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Baltimore’s startup community has a model. Now it needs to scale

At a Baltimore Innovation Week panel, leading investors and entrepreneurs laid out what it will take for the city to reach innovation hub status and how to get it there. Hint: Think about figures with a "B."

The Baltimore skyline. (Photo by Flicker user Phil! Gold)
Startups can’t stay in the early stage forever.

While a young company can benefit from the early momentum of pitch wins and resources found in a community, it eventually must figure out its business model, and ultimately scale.

Hearing leading local investors describe Baltimore’s startup community at a Baltimore Innovation Week 2021 panel discussion dubbed “Strengthening Baltimore as a Hub for Innovation,” this reporter was left with the impression that the ecosystem as a whole feels a bit like a startup.

It has a base of talent, buy-in beyond early supporters and investment that is bringing attention. It has resources like incubators and coworking spaces that are providing support. As Mike Rosenbaum, an entrepreneur who founded Otterbein-based tech workforce companies Catalyte and Arena Analytics pointed out, that wasn’t the case when he was starting Catalyte 20 years ago. And that community has grown in the last decade, as a recent report from UpSurge Baltimore highlighted.

In the wide view of recent years, they’ve all started to find each other and work together more.

“It’s starting to turn into an ecosystem,” said Jeff Cherry, the founder of stakeholder capitalism-driven accelerator Conscious Venture Labs, who moved to Baltimore from New York around 2014. “It’s starting to turn into where people are connecting, trying to do things together and trying to make the whole bigger than the pieces.”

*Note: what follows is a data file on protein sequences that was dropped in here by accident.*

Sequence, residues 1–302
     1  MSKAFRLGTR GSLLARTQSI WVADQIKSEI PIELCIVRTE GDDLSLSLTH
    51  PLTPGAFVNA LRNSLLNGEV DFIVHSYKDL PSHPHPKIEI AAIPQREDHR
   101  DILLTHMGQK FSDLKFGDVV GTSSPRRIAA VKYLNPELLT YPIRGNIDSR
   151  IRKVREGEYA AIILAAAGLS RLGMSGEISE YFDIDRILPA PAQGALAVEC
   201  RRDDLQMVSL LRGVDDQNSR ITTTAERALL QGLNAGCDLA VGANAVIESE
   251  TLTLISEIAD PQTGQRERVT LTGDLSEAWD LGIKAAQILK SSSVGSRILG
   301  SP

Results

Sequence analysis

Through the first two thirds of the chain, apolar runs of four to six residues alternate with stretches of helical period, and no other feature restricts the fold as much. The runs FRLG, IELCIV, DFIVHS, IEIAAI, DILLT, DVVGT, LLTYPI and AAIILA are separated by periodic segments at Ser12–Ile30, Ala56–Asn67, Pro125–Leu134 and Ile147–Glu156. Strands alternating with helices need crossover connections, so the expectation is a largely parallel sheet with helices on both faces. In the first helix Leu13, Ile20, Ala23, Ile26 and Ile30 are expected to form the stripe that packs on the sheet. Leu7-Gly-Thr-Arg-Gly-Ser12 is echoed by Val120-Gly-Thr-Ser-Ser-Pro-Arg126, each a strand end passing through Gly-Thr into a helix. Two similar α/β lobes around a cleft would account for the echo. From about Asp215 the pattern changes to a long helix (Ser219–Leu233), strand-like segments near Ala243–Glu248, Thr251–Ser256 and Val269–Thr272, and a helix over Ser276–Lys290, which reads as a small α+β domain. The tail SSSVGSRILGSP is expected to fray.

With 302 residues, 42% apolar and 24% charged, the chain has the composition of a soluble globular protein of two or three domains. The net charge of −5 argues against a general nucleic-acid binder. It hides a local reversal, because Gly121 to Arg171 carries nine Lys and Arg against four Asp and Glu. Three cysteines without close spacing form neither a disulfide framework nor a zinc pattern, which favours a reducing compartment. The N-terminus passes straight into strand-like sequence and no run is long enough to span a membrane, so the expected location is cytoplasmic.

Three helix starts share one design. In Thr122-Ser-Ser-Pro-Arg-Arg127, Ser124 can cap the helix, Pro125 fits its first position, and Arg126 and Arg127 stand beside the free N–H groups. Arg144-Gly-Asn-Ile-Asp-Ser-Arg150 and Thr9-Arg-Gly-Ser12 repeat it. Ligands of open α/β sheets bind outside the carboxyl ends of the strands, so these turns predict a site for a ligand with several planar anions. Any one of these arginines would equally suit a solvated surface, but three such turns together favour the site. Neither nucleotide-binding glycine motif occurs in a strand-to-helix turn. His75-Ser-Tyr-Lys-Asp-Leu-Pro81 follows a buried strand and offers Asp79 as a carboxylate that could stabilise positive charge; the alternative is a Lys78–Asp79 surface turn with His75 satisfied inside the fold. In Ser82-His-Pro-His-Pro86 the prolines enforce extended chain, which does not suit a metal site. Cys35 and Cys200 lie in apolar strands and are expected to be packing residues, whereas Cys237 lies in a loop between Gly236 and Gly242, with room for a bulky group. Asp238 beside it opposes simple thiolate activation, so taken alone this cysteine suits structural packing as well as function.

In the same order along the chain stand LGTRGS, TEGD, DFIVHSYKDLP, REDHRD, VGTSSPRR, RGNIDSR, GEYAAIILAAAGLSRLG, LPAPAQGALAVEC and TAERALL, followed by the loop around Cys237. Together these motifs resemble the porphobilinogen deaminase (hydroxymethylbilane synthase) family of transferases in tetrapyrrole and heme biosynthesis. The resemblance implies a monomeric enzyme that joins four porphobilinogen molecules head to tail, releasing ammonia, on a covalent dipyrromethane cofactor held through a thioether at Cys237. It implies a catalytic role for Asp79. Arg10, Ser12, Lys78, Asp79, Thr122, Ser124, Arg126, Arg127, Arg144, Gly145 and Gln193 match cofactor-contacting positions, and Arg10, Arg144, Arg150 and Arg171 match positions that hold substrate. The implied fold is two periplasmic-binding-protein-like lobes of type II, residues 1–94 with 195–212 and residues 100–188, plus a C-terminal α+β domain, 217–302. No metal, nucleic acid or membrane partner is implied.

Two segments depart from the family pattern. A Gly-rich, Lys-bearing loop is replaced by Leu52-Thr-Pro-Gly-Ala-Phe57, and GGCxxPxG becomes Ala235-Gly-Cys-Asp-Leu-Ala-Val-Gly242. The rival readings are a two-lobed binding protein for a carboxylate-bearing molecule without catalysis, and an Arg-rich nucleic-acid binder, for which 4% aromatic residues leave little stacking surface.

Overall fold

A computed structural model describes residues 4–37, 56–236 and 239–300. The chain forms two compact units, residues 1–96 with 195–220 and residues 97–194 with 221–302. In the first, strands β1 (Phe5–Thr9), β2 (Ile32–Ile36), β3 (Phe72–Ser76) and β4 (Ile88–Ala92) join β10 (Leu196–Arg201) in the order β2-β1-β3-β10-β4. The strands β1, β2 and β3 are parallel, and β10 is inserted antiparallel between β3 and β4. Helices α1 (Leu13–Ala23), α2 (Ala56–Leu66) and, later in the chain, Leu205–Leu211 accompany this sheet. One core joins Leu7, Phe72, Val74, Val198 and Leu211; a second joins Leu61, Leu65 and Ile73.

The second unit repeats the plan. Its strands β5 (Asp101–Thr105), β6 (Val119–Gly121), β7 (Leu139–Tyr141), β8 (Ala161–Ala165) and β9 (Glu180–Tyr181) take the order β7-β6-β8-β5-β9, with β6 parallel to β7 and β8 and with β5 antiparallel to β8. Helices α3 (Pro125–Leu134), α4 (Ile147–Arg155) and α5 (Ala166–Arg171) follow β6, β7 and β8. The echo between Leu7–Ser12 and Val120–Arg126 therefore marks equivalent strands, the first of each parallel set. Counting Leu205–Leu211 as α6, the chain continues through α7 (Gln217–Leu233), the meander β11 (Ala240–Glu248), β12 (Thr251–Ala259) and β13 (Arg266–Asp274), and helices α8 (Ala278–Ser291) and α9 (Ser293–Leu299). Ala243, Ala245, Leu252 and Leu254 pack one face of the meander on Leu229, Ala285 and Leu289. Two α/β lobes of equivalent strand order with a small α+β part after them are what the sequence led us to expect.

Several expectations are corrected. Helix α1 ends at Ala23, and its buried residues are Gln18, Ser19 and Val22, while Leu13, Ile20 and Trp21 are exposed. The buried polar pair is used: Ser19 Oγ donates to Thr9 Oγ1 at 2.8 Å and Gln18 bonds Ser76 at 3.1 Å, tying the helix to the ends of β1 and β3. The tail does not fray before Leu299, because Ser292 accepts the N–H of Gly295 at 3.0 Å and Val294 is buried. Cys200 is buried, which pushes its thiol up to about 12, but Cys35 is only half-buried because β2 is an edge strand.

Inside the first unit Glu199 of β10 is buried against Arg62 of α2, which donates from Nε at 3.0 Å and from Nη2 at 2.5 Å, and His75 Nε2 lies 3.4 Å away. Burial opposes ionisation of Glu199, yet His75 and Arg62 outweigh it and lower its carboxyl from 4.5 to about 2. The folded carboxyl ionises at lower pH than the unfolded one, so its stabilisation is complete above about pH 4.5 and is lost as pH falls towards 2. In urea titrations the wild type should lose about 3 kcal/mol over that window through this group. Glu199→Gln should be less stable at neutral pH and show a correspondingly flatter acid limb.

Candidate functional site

What it needs now is to scale.

But looking at the startup hubs around the country, there are signs that what is needed is more exits, and massive investments that will help seed them.

“What we really need in this region is $1 billion exits and $10 billion exits and bigger exits than that,” said Rosenbaum. “That’s really what will supercharge an ecosystem and to do that we need an ecosystem of investors and others who can frankly identify what world class excellence looks like and help support it.”

Some of that might come with more local investors. While pointing to pre-seed, seed and later stage capital that’s available from education and government institutions and private equity firms based in the city, McKeever Conwell II, who founded pre-seed fund RareBreed Ventures last year, simultaneously identified well-known gaps in the local startup funding continuum, particularly around the Series A and B rounds. It’s at that point that the city’s current cluster of growth companies went to investors outside the area.

“I think that it’s really imperative that there are local investors and there are local investors of scale,” said Kyp Sirinakis, managing partner of Epidarex Capital, a Bethesda-based venture fund building life sciences companies around discoveries at universities in communities outside of the major hubs like Maryland. “The venture business is a relationship game and a lot of heavy work is done, especially at the early stages. … Being able to have investors that know what they’re doing, that have scalable pools of capital, that can roll up their sleeves and put money to work is actually quite important in trying to grow an ecosystem.”

Ultimately, large exits create wealthy founders and early employees, who in turn can go start new companies, and invest in others. Conwell pointed to Birmingham, Alabama, where delivery service Shipt was acquired by Target in 2017 for $550 million, exiting a group of alums who added new energy.

“If you want to create an ecosystem like that, you get those first few big wins and then build off of that,” Conwell said.